Labour-Conservative swing electoral votes: 90
Plaid-Labour swing electoral votes: 31
Labour-Conservative-Plaid swing electoral votes: 13
So what would the result be? Well, I think it’s quite clear that bar an extremely bad night for them, Labour would probably win quite comfortably. After picking up the ‘states’ that are certain to go their way they would only need 116 more votes to win a majority of electors, and probably would only need a maximum of 81 given that Plaid and the Conservative would split the rest of the electors between them. The 134 ‘lean Labour’ electoral votes would be more than enough to get over the line.
On an excellent night, Labour could win as many as 421 of the 538 votes.
Plaid Cymru meanwhile don’t really have a clear route to the Presidency – 182 would seem to be their maximum even on their best possible night. But if Labour and the Conservatives ended up on around 178 each, it would be mathematically possible that they could win it.
The Conservatives could pick up 236 electors on an excellent night for them – not enough for a majority but it would probably be enough to win even if Plaid Cymru only won their guaranteed seats.
It’s impossible to know how any new election would turn out, however. The PCC elections are a good example of this, when Plaid Cymru won both North Wales and Dyfed-Powys. Looking at other elections in those regions they shouldn’t really have been at the races but in a different constituency, with different electoral rules, they won.
Might some unexpected Labour voting areas swing behind a Plaid candidate if he or she was felt to be relevant on a national level?
But a Presidential system also tends to result in a two party system, so it’s also possible that many Plaid voters would tactically back the Labour or Conservative candidates to keep the other party from power, just as third party candidates have been squeezed out in the US.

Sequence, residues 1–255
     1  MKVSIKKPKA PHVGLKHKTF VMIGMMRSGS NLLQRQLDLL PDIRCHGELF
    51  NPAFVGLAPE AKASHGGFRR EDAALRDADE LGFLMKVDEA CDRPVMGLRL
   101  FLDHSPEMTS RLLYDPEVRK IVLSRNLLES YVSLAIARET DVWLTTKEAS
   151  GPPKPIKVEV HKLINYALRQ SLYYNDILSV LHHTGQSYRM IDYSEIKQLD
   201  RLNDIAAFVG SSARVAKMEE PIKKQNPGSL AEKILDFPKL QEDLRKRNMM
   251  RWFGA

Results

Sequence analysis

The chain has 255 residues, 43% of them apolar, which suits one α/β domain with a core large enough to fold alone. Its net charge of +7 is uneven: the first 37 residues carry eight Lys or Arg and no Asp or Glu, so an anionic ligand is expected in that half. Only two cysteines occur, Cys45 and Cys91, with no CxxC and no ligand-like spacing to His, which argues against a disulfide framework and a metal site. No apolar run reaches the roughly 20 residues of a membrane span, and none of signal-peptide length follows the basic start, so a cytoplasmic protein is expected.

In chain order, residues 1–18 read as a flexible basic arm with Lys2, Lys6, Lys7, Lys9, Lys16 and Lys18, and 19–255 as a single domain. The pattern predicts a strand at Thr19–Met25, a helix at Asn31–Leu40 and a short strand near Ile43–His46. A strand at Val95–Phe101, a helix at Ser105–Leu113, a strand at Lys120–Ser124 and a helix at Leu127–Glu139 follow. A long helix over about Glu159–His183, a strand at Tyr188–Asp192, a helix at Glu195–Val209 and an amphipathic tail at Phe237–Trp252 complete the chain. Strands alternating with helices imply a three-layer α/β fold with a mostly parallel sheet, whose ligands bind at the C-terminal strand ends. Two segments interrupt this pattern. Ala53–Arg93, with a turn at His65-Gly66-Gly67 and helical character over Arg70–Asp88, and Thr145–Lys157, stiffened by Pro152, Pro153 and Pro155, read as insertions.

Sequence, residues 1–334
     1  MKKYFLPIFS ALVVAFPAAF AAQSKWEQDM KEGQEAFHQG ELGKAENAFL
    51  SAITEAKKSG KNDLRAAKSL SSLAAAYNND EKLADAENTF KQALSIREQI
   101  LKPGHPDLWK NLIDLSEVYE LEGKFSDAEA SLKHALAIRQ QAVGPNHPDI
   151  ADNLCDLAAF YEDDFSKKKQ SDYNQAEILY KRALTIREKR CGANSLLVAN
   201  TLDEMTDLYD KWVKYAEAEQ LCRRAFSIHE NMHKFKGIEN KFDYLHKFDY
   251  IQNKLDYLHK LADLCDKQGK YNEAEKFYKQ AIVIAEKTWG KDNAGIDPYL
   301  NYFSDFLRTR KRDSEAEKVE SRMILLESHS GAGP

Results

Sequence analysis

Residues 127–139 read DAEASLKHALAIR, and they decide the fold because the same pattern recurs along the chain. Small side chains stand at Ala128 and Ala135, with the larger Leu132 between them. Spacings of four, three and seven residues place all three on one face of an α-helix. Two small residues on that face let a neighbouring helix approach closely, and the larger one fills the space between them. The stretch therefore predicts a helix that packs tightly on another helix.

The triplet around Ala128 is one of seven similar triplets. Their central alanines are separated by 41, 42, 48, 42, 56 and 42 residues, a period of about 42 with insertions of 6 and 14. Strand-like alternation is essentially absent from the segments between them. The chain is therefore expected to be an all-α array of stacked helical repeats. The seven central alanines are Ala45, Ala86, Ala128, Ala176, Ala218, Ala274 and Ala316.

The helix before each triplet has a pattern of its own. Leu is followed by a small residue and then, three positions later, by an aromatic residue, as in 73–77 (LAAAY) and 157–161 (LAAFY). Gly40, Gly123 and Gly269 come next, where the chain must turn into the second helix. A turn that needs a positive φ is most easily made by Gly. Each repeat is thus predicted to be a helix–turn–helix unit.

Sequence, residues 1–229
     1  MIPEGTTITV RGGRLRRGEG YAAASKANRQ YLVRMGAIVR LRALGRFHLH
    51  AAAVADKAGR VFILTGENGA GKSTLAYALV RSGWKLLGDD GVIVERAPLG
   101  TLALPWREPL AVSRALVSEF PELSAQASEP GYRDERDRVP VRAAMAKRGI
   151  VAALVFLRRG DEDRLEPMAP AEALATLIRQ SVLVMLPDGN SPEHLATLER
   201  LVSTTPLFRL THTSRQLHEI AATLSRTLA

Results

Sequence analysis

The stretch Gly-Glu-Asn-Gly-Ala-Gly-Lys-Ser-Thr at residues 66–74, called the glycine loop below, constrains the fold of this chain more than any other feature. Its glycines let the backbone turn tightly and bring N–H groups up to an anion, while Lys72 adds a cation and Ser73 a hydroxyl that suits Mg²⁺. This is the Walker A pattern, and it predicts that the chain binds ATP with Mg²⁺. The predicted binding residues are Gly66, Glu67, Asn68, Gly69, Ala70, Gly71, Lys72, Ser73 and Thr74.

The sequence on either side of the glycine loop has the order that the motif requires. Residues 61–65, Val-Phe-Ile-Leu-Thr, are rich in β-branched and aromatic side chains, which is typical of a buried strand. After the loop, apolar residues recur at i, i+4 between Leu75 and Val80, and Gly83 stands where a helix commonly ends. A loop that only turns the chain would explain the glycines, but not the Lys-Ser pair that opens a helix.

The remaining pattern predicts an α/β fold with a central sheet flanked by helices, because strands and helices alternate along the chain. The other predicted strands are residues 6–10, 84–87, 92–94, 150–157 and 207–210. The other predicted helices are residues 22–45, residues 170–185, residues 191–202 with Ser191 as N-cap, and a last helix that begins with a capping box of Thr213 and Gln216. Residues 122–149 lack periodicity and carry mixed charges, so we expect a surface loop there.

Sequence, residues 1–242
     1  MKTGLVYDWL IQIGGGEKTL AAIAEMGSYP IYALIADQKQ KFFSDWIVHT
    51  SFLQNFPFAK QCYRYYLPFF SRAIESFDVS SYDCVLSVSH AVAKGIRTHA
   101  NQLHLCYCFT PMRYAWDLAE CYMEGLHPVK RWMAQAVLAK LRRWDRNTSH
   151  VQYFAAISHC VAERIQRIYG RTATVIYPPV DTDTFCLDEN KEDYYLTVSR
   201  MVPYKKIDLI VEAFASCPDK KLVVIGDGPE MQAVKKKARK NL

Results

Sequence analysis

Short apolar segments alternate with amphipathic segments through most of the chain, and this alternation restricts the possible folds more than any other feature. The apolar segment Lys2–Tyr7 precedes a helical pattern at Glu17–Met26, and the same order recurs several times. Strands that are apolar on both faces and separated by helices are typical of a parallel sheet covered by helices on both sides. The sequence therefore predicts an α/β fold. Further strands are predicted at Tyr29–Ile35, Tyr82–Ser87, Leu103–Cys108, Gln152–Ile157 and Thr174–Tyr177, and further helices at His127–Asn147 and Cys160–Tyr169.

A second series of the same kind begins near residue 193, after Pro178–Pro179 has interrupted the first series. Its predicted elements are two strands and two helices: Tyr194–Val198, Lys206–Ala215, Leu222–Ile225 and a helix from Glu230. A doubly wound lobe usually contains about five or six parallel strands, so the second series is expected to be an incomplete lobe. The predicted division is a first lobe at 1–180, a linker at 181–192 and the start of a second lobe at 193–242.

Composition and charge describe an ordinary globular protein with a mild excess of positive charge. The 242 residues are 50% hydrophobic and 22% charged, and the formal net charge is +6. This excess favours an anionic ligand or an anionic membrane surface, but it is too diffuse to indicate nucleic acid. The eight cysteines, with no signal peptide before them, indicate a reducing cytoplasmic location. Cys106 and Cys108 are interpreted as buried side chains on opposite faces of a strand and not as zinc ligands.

Another unknown is what role would the smaller right-wing parties such as Brexit/Abolish/UKIP play? Might it be treated as a second-order election and an opportunity to give the established parties a bloody nose, as was previously the case at European elections?
In conclusion, the US electoral college is a pretty daft and undemocratic system that has no place in the 21st century. It frequently produces results that go against the will of the majority, and renders the votes of 4/5 of voters in non-swing states meaningless too. It should be abolished forthwith.
The system would actually be fairer if used in Wales because there isn’t as much of a gulf in the population of the principal areas or the same urban/rural divide as there is between the largest and smallest US states.
If Wales did ever directly elect a President, however, it should ideally choose an STV proportional vote system where people can list candidates in order of preference so that the vast majority of votes, across Wales, do count.
But whatever system is chosen for Wales would likely produce exactly the same result – which is a Labour First Minister.
But that’s down to the present political character of Wales rather than the voting system.